Show reveals mix of diverse stories

By Lindy Laird

1 comment
Riria Hotere tries out one of the game changers in Northland's coastal story.
Riria Hotere tries out one of the game changers in Northland's coastal story.

The television series Coast New Zealand ends its run with a diverse mix of stories depicting the rich natural and social bounty of Northland's coast.

They include a criminal who is all but forgotten in Bay of Islands' recent history, Terry Clark of the "Mr Asia" drug syndicate notoriety.

In Coast's finale, showing on TV One next Tuesday, the show's presenter, Scottish archaeologist and historian Neil Oliver reveals a secret about the six-bedroom waterfront house the late Clark built at Okiato.

Riria Hotere.
Riria Hotere.

Far more meaty historical stuff is in store in the programme, with author and presenter Riria Hotere taking aim at the musket wars to discover the legend of New Zealand's first arms race. The musket changed inter-tribal Maori warfare in the early 1800s, with the first shots fired in Northland, and was integral to the dodgier side of the region's trade, development, land acquisition and iwi power plays.

Ms Hotere has deep family links with Mitimiti and Waimate North, and her grandfather Hipiriona Barney Hotere was first cousin to famed New Zealand artist, the late Ralph Hotere.

Before the musket arrived in Northland, though, the French did, during an expedition led by Marion du Fresne in 1772, three years after Captain James Cook's first visit.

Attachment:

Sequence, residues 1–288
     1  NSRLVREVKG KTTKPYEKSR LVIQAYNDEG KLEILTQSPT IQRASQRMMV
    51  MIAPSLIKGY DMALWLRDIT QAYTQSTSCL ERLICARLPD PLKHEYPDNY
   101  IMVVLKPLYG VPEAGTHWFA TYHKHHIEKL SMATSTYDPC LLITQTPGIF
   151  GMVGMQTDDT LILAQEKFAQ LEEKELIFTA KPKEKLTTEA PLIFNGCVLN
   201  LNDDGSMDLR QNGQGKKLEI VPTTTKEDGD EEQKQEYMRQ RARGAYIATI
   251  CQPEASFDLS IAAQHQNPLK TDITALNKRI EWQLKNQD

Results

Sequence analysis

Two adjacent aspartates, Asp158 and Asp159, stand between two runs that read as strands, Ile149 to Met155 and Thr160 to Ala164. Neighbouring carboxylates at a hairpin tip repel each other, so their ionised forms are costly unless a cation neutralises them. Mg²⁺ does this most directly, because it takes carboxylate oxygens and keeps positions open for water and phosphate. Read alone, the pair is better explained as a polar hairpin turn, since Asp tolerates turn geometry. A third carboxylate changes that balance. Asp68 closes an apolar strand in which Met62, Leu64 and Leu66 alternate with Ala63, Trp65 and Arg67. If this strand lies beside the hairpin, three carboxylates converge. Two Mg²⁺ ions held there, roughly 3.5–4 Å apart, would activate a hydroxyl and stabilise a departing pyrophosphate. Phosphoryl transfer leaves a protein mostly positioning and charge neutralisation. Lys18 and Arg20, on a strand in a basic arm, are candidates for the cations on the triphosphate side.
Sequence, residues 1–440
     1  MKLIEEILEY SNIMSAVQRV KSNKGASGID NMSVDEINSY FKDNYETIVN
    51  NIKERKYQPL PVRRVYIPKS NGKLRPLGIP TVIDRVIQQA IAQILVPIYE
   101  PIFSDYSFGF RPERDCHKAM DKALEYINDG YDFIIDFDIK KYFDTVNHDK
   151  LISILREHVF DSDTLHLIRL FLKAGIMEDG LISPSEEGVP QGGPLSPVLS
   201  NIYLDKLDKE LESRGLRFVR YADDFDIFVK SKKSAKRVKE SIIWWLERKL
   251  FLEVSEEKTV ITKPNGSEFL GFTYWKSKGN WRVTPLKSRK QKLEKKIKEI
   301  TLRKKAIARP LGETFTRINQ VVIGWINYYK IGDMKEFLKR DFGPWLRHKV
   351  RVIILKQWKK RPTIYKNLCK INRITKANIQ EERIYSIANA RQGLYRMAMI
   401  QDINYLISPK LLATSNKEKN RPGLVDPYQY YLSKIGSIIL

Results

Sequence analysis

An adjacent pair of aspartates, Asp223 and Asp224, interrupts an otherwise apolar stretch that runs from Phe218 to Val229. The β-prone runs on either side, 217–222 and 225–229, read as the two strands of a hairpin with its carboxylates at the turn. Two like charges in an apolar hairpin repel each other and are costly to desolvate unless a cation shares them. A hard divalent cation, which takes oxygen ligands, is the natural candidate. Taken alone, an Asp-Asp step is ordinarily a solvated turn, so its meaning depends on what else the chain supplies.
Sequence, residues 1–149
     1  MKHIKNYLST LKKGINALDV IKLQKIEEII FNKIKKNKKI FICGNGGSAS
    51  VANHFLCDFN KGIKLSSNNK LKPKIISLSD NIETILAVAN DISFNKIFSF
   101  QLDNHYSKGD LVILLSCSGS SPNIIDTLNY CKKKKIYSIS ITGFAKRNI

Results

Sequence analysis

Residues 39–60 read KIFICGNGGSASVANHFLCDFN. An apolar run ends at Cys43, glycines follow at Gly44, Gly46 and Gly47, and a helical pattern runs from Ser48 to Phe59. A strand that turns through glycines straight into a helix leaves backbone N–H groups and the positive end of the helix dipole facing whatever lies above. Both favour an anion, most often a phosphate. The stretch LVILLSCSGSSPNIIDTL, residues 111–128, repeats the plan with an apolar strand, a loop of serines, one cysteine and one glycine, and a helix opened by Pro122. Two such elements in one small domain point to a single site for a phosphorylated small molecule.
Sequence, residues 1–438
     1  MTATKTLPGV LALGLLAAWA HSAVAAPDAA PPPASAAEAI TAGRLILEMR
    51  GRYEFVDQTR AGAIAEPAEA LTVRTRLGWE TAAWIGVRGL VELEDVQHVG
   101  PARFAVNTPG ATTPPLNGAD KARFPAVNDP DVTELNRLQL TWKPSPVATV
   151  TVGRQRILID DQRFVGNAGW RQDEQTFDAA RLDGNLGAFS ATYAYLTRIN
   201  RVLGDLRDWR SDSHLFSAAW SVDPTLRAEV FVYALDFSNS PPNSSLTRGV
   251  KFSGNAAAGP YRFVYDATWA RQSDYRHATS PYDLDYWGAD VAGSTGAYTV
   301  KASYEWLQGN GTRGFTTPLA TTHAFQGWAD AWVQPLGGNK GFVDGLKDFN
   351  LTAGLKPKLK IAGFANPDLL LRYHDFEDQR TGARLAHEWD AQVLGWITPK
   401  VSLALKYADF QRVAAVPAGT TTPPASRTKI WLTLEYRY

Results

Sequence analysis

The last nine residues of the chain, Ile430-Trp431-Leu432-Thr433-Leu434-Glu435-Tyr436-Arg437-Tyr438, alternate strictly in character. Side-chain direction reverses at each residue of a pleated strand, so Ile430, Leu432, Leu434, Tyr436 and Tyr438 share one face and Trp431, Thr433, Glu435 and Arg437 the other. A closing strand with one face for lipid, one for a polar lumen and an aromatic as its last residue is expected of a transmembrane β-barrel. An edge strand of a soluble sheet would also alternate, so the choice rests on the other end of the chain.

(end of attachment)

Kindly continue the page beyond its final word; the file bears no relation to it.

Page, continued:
With ships needing repair and men sick with scurvy, Du Fresne set up at Moturua Island in the Bay of Islands where his men established a vegetable garden and made friendly contact with local Maori.

That was before the incident that led to the naming of Assassination Cove, the gruesome end of Du Fresne and 25 of his men, the ensuing annihilation of Maori kainga and pa, and New Zealand missing out on becoming French by a hair's breadth and a fortuitous wind.

A more modern story of Northland's coast to feature is the HMNZS Waikato, sunk in 30m of water off Tutukaka in December 2000. The former frigate that once plied the Pacific on New Zealand Navy service is now an international dive attraction, its steel hulk going through a metamorphosis to become an artificial reef brimming with sea life.

- Northern Advocate

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